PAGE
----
TYPES OF STUDENT ENGAGEMENT
Student engagement is a word that describes a person’s interest in and excitement for education, as well as how that affects their academic achievement and behaviour. Student involvement is a complicated concept, which makes it even more difficult to grasp. Student engagement is a multi-faced concept which has three different dimensions attached to it. These are cognitive engagement, emotional engagement and behavioural engagement.
Student engagement not only makes teaching more enjoyable, engaging, and rewarding, but it has also been proved to have significant effects on pupils. Students who are engaged are more likely to thrive academically, create a greater sense of connection with their school, and have a better sense of social-emotional well-being. Low student engagement, on the other hand, is linked to a slew of bad outcomes, including delinquency, aggression, substance addiction, and school dropout. As a result, promoting student engagement at all grade levels is crucial.
Let’s try to understand the different types of student engagement in classroom.
Cognitive engagement refers to the cognitive functions that are engaged in a student’s learning process, as well as how intrinsically driven and invested pupils are in the process, and also how much they regulate and take ownership of it. Solving complicated issues, applying thinking abilities, and implementing learning tactics such as reviewing knowledge and participating in question-and-answer sessions are all examples of cognitive engagement. Students are cognitively engaged when they seek for clarification or share examples of their own. Students learn to process (and “own”) the concepts, abilities, and attitudes provided in these situations.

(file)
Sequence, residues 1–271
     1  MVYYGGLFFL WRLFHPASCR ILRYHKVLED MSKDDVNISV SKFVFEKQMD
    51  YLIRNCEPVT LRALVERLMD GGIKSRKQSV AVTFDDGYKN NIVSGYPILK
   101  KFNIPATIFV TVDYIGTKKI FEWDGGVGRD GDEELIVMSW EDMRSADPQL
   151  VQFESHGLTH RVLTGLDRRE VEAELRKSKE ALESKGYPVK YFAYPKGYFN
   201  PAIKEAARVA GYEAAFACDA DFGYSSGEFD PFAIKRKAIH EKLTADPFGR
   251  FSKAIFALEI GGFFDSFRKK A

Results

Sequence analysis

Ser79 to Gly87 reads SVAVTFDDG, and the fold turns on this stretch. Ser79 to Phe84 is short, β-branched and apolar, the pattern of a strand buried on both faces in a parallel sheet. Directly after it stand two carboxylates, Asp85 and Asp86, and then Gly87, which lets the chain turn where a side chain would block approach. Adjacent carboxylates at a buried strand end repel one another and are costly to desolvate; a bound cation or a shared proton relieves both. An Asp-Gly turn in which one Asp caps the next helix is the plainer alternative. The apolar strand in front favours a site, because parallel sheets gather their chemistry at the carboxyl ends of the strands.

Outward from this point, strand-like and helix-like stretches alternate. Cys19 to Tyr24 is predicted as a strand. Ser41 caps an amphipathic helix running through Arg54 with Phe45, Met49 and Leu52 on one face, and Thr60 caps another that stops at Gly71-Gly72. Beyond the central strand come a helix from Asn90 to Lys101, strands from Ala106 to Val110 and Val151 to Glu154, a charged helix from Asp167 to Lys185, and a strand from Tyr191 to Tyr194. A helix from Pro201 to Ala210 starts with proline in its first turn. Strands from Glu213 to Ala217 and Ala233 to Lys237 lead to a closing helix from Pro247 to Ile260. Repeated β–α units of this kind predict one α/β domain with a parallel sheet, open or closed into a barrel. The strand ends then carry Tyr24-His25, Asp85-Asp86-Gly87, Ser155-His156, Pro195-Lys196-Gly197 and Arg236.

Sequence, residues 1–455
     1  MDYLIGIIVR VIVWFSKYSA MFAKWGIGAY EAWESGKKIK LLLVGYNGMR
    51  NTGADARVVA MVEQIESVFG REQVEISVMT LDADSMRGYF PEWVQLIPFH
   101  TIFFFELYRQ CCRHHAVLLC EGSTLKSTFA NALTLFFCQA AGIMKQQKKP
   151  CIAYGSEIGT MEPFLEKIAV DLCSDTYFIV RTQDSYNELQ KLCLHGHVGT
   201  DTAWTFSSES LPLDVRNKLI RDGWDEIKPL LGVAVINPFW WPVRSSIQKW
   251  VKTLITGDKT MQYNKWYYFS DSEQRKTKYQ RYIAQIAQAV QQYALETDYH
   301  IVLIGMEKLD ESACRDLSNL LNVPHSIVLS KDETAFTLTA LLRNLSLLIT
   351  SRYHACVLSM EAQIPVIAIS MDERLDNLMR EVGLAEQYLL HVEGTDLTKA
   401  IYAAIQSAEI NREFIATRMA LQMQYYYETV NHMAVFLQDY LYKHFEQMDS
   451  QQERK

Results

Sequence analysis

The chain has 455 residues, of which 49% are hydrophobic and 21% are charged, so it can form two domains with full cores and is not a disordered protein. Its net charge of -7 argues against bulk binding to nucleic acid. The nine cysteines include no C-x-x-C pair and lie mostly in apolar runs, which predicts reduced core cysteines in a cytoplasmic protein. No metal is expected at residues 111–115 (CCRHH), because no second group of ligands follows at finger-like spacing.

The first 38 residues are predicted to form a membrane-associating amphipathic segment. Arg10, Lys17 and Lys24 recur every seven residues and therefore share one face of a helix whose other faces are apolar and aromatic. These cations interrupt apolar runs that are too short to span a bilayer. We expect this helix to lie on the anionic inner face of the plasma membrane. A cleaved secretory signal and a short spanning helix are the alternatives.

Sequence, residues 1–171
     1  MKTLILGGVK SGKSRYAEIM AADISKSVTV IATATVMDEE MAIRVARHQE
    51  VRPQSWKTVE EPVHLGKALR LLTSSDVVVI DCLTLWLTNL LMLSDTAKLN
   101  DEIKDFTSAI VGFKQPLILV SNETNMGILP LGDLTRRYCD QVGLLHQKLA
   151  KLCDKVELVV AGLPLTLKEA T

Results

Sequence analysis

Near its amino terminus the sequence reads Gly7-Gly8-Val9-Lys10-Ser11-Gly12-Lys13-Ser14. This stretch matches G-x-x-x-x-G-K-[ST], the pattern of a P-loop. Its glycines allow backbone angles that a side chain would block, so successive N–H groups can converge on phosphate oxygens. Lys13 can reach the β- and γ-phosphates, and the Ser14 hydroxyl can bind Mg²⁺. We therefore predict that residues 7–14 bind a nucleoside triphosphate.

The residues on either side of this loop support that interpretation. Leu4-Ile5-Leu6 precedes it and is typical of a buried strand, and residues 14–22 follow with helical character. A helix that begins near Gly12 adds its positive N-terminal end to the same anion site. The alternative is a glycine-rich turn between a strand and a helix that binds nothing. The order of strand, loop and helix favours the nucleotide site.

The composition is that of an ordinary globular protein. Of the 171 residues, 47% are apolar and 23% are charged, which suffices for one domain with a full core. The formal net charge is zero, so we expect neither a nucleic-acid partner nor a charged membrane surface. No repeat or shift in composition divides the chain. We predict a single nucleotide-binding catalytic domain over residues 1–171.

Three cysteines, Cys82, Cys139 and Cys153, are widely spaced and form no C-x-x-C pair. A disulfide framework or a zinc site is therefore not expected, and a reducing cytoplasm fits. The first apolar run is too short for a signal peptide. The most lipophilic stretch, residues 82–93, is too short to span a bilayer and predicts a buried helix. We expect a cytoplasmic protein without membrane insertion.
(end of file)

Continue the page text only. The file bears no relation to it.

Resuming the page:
Emotional engagement refers to how students feel about their teacher, classroom, and overall learning experience, as well as their sense of belonging and the emphasis they put on their work. It expresses the emotions that students are experiencing and displaying in a particular class. Confusion, worry, excitement, and anticipation, as well as apathy, are all possible emotions. When one is engaged in an activity that gives delight or interest, such as watching television, doing a hobby, or listening to a podcast, one is more likely to spend time and effort. A positive emotional engagement can also help students endure in the face of setbacks and boost their self-efficacy. This category of engagement showcases to us a student’s sentiments, attitudes, and perceptions about school, specifically their sense of belonging, curiosity, eagerness to study and their interest and liking of the school.
Behavioural engagement entails a student’s adherence to regulations as well as participation in class and extracurricular activities and is also the observable measures of cognitive and emotional engagement. When students nod in agreement or grin, look bewildered, take notes, or provide a question or comment, effective instructors take note. Time spent on task is another indicator. These physical behaviours, on the other hand, may not reflect the full depth and breadth of student participation. As a result, employing relevant active learning tactics at the right time during the session may allow us to get a more realistic picture of our students’ participation. In layman language, it refers to how engaged and attentive kids are in class and at school in general, such as their participation and involvement in learning process, classwork activities and even their engagement with other peers in a team work exercise.
Since behaviours, emotions, and cognitions all play a role in development, it’s critical to think about all the three, behavioural engagement, emotional engagement, and cognitive engagement while putting together a definite approach for student’s learning and development. All three types of engagement can influence a student’s motivation for academic accomplishment, which is influenced by their perspectives of the school environment. Hence, it should be examined holistically rather than in isolation. There has been increased attention on the importance of engagement and its role in enhancing learning, and promoting student motivation and retention and when done with involving all three dimensions, the results are on a higher positive level in regard to student learning and classroom management.